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Downtown Omaha businesses close before decision announced on charges in protester's death

Downtown Omaha businesses close before decision announced on charges in protester's death

Kitchen Table boarded up

The Kitchen Table restaurant at 1415 Farnam St. decorated the plywood workers put over its windows Monday.

Downtown Omaha businesses were told Monday in an email from Omaha's Downtown Improvement District that they should close early and send their employees home.

"As we head into the second night of emergency curfew and unrest, we want everyone to take care of themselves and their properties in ways that are sustainable to life and business," the email reads.

Omahans were on edge while awaiting word whether Jake Gardner, the owner of the downtown bar The Hive, would be charged in the shooting death of James Scurlock, a 22-year-old protester who was fatally shot Saturday night. 

At a 1:30 p.m. press conference, Douglas County Attorney Don Kleine said video evidence backed up Gardner's contention that the shot was fired in self-defense. 

Video showed the two scuffling before the fatal shot was fired.

James Kavan, owner of the Imaginarium Mercantile at 1113 Howard St., said the vibe in the Old Market was that businesses would not be open as the day wore on in anticipation of the announcement from Kleine.

Kavan said he was planning to wait out the evening at his home in the Millard area and watch online — monitoring the cameras inside his store and online police scanner traffic.

The Downtown Improvement District email noted, "We know that everyone is struggling with the effects of being closed during the pandemic and now this incredibly emotional time. We wish we could celebrate the lifting of restrictions so that our businesses can operate safely. Unfortunately, we believe at this moment that it is safest to suggest that our businesses close early and send employees home today."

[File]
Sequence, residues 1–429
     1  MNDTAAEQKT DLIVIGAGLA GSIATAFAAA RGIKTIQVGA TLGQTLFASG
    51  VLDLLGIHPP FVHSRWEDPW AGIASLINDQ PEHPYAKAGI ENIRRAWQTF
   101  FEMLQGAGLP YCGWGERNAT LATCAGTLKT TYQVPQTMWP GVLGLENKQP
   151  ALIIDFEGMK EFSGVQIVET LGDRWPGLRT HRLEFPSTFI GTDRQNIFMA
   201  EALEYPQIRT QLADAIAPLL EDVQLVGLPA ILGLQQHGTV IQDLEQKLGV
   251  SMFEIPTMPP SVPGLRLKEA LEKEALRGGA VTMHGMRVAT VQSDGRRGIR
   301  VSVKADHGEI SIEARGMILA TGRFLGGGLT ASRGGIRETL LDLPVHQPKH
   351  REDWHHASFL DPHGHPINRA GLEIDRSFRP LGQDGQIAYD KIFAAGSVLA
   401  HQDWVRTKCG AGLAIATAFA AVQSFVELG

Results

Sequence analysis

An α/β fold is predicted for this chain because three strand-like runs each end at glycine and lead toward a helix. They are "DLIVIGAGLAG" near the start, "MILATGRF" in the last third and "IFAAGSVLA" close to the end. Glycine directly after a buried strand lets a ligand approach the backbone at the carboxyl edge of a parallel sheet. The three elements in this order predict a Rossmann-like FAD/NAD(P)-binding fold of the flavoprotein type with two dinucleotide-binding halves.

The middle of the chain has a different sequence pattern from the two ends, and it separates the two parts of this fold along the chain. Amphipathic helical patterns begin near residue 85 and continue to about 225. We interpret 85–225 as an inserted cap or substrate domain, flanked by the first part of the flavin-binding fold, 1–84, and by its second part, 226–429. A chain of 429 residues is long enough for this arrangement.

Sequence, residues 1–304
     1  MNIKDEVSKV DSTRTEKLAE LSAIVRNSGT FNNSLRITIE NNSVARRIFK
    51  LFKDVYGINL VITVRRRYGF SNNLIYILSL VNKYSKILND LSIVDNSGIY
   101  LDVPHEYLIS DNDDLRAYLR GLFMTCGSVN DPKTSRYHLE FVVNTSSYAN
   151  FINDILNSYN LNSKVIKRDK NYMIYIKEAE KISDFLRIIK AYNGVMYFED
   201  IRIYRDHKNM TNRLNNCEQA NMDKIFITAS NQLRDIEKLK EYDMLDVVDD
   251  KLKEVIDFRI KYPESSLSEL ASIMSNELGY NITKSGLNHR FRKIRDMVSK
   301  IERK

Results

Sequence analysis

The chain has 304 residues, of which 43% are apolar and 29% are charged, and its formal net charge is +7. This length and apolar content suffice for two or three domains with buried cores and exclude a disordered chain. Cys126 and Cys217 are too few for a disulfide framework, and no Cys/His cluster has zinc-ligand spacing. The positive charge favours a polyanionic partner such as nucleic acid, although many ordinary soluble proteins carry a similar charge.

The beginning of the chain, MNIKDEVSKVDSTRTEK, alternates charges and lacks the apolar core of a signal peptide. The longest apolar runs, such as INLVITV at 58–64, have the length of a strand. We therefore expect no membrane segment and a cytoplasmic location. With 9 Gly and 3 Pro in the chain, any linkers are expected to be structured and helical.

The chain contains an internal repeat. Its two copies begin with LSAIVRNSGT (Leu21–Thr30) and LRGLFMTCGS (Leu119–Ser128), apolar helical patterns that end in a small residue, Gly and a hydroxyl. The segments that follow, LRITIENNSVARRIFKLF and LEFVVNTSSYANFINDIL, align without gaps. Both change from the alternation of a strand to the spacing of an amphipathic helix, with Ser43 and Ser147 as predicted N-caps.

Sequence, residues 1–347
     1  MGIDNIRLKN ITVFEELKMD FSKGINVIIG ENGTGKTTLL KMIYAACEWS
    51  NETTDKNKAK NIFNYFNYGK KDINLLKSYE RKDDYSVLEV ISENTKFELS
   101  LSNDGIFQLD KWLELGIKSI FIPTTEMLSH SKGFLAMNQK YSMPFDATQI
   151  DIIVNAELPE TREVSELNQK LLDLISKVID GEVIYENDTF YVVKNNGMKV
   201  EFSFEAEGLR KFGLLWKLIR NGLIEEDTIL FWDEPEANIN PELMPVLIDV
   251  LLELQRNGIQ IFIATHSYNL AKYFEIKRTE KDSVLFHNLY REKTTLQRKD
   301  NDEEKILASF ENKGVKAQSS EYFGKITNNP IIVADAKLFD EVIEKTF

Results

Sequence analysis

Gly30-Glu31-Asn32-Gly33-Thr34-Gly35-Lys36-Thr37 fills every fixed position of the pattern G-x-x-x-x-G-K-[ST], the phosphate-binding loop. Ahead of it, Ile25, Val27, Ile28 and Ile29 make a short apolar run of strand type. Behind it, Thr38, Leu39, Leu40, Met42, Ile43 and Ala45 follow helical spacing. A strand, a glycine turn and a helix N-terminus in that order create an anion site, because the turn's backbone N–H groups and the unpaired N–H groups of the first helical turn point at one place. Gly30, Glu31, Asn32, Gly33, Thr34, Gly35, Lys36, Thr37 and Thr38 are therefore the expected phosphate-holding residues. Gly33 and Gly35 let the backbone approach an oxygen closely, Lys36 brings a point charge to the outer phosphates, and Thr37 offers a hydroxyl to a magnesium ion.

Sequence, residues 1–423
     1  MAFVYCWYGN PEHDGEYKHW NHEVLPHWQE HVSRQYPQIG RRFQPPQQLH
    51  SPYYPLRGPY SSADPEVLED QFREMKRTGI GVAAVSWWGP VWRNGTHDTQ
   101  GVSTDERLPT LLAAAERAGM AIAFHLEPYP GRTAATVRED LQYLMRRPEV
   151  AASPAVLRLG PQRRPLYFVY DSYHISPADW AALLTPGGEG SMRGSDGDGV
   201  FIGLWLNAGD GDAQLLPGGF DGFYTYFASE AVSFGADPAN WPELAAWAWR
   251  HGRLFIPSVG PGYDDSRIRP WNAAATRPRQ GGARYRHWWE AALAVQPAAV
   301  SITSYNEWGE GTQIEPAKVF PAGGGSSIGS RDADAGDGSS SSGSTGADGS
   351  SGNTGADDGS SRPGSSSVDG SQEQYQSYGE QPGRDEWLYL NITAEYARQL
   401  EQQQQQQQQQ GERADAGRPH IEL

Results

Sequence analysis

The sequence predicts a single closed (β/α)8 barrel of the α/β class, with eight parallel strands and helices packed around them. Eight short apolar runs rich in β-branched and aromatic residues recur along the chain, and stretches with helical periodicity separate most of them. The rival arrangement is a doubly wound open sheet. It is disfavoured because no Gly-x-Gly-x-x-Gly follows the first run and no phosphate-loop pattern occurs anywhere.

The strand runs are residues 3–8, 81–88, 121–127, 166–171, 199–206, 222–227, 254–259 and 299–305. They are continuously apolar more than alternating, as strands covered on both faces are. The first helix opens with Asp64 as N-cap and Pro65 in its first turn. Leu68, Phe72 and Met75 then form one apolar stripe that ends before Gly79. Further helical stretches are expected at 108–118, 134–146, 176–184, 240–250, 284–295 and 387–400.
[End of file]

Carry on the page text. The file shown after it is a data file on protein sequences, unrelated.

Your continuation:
As of 11:45 a.m. Monday, the Flagship Restaurant Group had closed all its downtown Omaha restaurants and was making sure that employees who already had reported for work were getting home safely, said Chief Operating Officer Anthony Hitchcock.

Hitchcock said he had no plan so far to board up windows at the restaurants: Plank and Blue Sushi near 12th and Howard Streets and Roja near 13th and Farnam Streets. He also didn’t plan to close Blatt Beer & Table on 12th Street across from TD Ameritrade Park, but said that might change as he got more information.

Restaurant officials discussed boarding up the properties on Sunday, he said, but he was glad they decided against it.

“It would have been an unnecessary expense,” he said, because of the work done Sunday night by the Omaha police and the Nebraska National Guard to protect downtown properties.

Hitchcock also said the expense to secure the buildings might be about what it costs to file an insurance claim.

The unrest, Hitchcock said, “adds another layer of challenge in a very difficult time.”

The Downtown Improvement District email noted that not everyone can afford to follow the suggestion to close. "We understand the need to keep protecting our right to assemble peacefully.

"Please make the best choices for you and your business," the email noted, "that’s all we can ask."​

World-Herald staff writer Julie Anderson contributed to this report.

Photos: Fourth day of protests in Omaha after James Scurlock's shooter not charged

Photos: Third night of protest in Omaha amid a new curfew

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Betsie covers a little bit of everything for The World-Herald's Living section, including theater, religion and anything else that might need attention. Phone: 402-444-1267.

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